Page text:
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Right-sizing the leadership team

LiveMint logoLiveMint 03-06-2014 P.R. Sanjai

What’s the optimum size of a top management team? The debate around the number of ministers in Prime Minister Narendra Modi’s cabinet highlights the need to have the right size. While some corporate leaders believe in large teams to democratize the decision-making process, others say small is more efficient. In this week’s leadership debate, three experts give their views on how big a leadership team should be in a corporate set-up.

Nagendra Palle, chief executive officer, Mahindra First Choice Wheels

The type and size of a leadership team needs to vary depending on the nature of the business, and its structure and role.

Typically, in large industrial conglomerates such as General Electric Co.(GE), the role of the leadership team is to “set up the game” and let the individual profit and loss owners drive the business. The leadership will define strategy, support investments and establish governance norms.

Large vertically integrated industrial firms in automotive or semiconductor sectors have leadership teams that are more functional. The leadership team not only defines and approves strategy and investments, but is much closer to day-to-day operations.

Leadership teams in conglomerates tend to be smaller. Consider GE and Ford Motor Co., for example. Both had nearly identical 2013 revenues. However, GE has a corporate leadership team of 21 and Ford has 42 corporate officers. Another class of corporations are those that are born out of entrepreneurship. They tend to be highly centralized and often founder-centric. Here, leadership teams tend to be small. Apple Inc., which was co-founded by Steve Jobs, has a leadership team of just 10 executives.

One can draw a parallel between companies and governments. India has a federal structure where the Centre sets policies and takes funding decisions. Execution happens in the states, much like a conglomerate.

“Prime Minister Narendra Modi’s cabinet is structured like that of managing a conglomerate. He has defined a smaller leadership team that seems strongly aligned with its primary role of policy formation, governance and investment decision-making,” says Palle. Eventually, the basic principle is to have a strong team where meritocracy and intellectual integrity prevail, he adds.

Raveendra Chittoor, assistant professor for strategy, ISB

The decision to have a compact cabinet is a welcome and prudent decision by Narendra Modi. Even in the corporate arena, it is good to have smaller teams and fewer committees.

Having a small team not only allows for faster decision-making and quicker implementation, but also facilitates accountability. Too many people in a group can cause confusion and duplication of responsibilities, leading to lack of accountability.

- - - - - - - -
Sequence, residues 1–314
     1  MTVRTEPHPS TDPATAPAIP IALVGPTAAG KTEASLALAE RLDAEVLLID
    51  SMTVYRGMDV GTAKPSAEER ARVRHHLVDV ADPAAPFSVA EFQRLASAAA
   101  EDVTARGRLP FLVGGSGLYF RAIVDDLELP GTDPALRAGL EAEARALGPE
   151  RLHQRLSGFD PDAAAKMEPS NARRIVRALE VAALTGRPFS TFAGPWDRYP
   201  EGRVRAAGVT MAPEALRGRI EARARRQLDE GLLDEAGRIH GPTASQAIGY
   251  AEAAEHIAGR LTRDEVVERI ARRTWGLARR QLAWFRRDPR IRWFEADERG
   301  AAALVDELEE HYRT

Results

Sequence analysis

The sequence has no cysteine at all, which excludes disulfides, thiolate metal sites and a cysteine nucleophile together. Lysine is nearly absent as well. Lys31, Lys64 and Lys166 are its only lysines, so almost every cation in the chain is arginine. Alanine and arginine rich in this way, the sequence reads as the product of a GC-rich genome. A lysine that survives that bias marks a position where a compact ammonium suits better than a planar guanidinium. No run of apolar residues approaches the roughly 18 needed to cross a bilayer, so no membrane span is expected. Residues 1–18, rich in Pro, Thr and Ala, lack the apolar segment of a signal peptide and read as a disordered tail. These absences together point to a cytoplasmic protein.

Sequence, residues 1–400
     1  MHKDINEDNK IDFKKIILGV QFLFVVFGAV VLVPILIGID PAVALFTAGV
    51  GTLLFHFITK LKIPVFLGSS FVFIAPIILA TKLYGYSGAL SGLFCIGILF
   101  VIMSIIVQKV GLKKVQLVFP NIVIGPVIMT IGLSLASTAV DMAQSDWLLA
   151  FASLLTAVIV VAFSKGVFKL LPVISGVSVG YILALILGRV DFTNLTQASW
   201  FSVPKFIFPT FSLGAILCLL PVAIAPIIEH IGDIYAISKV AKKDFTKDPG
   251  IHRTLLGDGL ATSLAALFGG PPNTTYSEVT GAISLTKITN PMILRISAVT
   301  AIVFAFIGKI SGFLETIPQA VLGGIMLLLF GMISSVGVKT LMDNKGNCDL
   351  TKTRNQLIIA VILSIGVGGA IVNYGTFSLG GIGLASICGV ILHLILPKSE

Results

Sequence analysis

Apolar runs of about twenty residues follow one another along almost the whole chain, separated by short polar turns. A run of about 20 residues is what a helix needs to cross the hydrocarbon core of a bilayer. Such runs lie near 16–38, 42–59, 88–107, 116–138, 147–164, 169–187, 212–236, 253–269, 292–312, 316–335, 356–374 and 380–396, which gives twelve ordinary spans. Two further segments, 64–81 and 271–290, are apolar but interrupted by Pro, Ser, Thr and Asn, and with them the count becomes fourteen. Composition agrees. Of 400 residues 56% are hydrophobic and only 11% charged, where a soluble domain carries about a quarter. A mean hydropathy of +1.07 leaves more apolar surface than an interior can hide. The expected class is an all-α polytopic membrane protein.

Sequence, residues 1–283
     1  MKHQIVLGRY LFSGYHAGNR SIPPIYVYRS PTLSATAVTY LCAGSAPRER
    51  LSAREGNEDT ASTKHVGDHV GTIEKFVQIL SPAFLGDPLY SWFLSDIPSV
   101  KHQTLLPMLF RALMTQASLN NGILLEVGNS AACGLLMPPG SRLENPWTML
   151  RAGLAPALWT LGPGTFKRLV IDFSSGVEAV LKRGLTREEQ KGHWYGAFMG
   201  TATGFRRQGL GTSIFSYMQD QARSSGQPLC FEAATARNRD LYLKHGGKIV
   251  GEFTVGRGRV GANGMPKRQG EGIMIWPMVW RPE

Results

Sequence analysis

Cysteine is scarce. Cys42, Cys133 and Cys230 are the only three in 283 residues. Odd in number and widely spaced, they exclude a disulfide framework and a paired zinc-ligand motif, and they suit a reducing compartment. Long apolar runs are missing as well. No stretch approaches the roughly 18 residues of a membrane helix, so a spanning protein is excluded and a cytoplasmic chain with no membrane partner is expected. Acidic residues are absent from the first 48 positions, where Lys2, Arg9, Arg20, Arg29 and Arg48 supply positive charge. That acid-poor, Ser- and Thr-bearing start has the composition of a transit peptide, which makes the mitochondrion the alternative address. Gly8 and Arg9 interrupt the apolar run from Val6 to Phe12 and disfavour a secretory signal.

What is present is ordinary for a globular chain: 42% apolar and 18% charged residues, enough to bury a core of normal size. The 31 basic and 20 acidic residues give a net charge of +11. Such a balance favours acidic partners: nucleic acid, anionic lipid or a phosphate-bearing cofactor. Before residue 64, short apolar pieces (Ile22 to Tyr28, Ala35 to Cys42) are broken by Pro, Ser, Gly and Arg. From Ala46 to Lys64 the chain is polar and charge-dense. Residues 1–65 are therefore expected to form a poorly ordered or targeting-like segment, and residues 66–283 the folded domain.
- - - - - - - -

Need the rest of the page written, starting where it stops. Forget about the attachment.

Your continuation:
If the responsibilities or portfolios are distributed within a small group, the members are likely to feel more important and motivated as well.

At the same time, it is also necessary to keep other employees driven, especially those who have more experience. The core, or the A-team, may be small with only few employees holding key posts, but it is important for a leader to create space for other employees as well. The employees should be made to feel important and powerful by way of speech and delegation of other important tasks.

Also, a leader needs to develop a culture where employees feel empowered even without holding key designations. For instance, Amit Shahplayed a key role in Modi’s victory, but has not been given a cabinet seat. Shah, however, remains important for Modi and will continue to strengthen the Bharatiya Janata Party.

Richard Rekhy, chief executive officer, KPMG

There is no one size that fits all when it comes to leadership and governance. A lot depends on the need of the hour. It depends on the growth trajectory of an organization, the economic circumstances with due respect to the culture that must blend with the people. In general, I would be in favour of smaller leadership teams in the interest of effective and timely decision-making. With larger teams, getting consensus and matching calendars can become challenging.

Smaller teams, however, do not necessarily mean concentration of power in the hands of a few. That would make for an autocratic structure. Decision-making on certain key and strategic aspects should always be in the hands a core and small team. However, if this team has done its job properly to create the right structure, then people across the organization will have sufficient power and decision-making authority to feel challenged and fulfilled in their roles.

A combination of core leadership combined with a network of empowered people is what works best. Empowerment motivates people to give their best and, at the same time, there’s an aspiration to reach the core circle. This can only be achieved if the core leadership has its ear to the ground, chooses the leaders and there’s a culture of trust in the organization.

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